The argument doesn’t apply to creation only if we start with absolute certainty that God did not in fact bring anything instantaneously (miraculously?) into existence during the entire creation process (in a similar fashion as the aforementioned bread or wine). I recognize and respect that you have come to a place of certainty about God’s lack of such direct involvement, and about cosmic history and evolution, but please recognize that I am comfortable embracing a certain level of uncertainty regarding many aspects of origins – I find no basis for dismissing outright the possibility that God may have intervened directly, immediately (i.e., miraculously) in at least some aspects of the creation, and as such, i cannot categorically rule out the possibility of apparent age in at least some aspects of creation. i say this simply as a logical necessity, not because i have embraced a stereotypical 6-day creation model.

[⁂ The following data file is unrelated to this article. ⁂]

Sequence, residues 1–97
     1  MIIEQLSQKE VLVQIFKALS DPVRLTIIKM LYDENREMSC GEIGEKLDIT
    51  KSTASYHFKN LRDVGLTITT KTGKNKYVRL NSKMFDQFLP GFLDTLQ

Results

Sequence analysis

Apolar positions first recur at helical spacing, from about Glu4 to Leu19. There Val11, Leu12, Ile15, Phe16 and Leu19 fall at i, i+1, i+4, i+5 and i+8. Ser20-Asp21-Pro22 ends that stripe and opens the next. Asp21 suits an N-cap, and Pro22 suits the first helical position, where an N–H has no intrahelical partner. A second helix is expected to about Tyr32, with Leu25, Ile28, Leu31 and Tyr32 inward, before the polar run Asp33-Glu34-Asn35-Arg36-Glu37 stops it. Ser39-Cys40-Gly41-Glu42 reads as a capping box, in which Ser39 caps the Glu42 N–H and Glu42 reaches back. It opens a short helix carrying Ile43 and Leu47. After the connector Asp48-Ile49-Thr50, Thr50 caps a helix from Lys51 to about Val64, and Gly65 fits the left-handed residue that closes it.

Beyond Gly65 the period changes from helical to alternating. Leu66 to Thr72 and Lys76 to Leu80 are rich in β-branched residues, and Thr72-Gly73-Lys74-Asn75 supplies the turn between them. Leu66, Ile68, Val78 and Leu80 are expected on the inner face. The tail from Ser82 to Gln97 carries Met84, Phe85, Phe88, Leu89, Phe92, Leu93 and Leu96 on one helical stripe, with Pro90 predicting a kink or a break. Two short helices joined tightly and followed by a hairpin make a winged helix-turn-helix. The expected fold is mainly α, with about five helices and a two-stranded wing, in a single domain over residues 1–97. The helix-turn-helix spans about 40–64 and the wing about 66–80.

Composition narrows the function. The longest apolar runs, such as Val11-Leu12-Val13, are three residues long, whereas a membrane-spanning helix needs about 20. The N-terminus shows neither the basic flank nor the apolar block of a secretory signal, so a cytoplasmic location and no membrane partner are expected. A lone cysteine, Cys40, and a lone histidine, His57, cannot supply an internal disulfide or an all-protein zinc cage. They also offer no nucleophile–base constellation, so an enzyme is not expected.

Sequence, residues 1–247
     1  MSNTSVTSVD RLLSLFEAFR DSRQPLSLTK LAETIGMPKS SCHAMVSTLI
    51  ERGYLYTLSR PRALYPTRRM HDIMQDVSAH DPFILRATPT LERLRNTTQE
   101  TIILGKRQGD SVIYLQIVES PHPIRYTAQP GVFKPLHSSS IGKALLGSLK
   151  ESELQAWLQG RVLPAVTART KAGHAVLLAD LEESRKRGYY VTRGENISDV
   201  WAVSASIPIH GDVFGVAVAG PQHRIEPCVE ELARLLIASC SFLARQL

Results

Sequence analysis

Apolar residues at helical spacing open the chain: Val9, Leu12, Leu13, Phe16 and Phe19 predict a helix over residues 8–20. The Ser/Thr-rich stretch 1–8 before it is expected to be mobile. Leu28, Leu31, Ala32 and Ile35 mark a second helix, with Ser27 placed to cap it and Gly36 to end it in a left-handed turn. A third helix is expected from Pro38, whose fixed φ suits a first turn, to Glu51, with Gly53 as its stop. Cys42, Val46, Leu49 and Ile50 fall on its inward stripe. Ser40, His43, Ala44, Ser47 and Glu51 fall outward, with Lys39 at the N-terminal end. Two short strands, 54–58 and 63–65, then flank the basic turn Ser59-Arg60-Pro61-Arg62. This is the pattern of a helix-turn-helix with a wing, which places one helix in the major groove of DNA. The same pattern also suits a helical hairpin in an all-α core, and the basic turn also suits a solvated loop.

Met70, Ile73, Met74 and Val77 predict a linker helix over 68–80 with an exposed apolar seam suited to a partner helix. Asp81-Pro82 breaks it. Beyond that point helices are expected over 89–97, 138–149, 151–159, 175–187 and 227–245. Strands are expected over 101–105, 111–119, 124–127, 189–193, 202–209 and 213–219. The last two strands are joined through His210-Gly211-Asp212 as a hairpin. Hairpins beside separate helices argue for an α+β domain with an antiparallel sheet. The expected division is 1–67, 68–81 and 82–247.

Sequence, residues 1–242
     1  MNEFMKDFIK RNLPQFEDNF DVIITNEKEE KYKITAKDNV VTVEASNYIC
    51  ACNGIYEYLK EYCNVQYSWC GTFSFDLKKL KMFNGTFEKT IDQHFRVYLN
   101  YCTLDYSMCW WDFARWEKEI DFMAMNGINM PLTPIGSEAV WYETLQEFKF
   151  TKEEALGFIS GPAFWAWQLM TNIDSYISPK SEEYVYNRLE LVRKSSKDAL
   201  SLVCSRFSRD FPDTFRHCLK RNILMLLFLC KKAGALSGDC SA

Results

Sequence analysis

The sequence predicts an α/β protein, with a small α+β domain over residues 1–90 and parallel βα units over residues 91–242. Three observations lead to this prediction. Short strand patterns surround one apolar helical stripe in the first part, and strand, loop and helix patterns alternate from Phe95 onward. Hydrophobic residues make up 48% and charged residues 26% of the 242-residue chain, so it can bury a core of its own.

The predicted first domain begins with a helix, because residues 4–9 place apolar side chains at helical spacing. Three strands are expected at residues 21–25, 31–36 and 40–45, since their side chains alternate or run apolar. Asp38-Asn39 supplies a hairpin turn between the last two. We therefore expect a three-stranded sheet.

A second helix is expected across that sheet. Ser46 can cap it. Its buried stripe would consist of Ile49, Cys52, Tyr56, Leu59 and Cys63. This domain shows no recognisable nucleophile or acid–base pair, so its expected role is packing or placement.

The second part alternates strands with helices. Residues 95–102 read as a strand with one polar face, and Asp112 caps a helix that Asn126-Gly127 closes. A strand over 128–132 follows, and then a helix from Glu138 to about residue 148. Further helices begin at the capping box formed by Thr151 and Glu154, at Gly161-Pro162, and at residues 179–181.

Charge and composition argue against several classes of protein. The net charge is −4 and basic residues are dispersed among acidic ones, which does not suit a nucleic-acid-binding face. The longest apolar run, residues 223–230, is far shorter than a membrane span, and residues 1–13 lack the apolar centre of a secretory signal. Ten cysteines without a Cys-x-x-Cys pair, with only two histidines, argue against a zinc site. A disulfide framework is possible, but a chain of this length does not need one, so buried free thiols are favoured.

• Pete E. says:

          That’s fine, though I wouldnt call it a logical necessity but simply an opinion concerning not ruling something out as impossible. Others argue thrust as easily that one cannot rule out as impossible that the cosmos is 3 seconds old and God created apparent time/history, and on and on.

  • Daniel Fisher says:

    If God is free to do miracles, including anything in the category of instantaneous creation, then de facto, some things will have an apparent age. This is axiomatic, not (necessarily) any kind of special pleading.

    The wine that was drunk at Cana, for instance, would have had the appearance of at least a few days age if not more, given the normal means of creating wine. The same might be presumed about the bread and fish eaten by the multitudes. Any scientific study of the leftovers would presumably determine that the bread was at minimum several hours old, and the fish at least several days.